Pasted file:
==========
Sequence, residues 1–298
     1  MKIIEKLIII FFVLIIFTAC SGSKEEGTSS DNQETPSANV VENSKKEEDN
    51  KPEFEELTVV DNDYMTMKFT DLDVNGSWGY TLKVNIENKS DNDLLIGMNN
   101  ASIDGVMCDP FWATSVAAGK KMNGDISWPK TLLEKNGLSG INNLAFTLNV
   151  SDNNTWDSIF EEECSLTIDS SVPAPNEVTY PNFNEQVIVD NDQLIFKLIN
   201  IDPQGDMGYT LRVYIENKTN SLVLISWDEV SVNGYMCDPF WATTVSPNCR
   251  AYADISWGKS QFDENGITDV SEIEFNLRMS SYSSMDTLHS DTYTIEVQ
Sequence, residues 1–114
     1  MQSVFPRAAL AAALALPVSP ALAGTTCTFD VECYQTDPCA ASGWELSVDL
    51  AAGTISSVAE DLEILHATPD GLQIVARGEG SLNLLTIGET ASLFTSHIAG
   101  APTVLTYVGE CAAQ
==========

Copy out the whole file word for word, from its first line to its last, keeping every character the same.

Sequence, residues 1–298
     1  MKIIEKLIII FFVLIIFTAC SGSKEEGTSS DNQETPSANV VENSKKEEDN
    51  KPEFEELTVV DNDYMTMKFT DLDVNGSWGY TLKVNIENKS DNDLLIGMNN
   101  ASIDGVMCDP FWATSVAAGK KMNGDISWPK TLLEKNGLSG INNLAFTLNV
   151  SDNNTWDSIF EEECSLTIDS SVPAPNEVTY PNFNEQVIVD NDQLIFKLIN
   201  IDPQGDMGYT LRVYIENKTN SLVLISWDEV SVNGYMCDPF WATTVSPNCR
   251  AYADISWGKS QFDENGITDV SEIEFNLRMS SYSSMDTLHS DTYTIEVQ
Sequence, residues 1–114
     1  MQSVFPRAAL AAALALPVSP ALAGTTCTFD VECYQTDPCA ASGWELSVDL
    51  AAGTISSVAE DLEILHATPD GLQIVARGEG SLNLLTIGET ASLFTSHIAG
   101  APTVLTYVGE CAAQ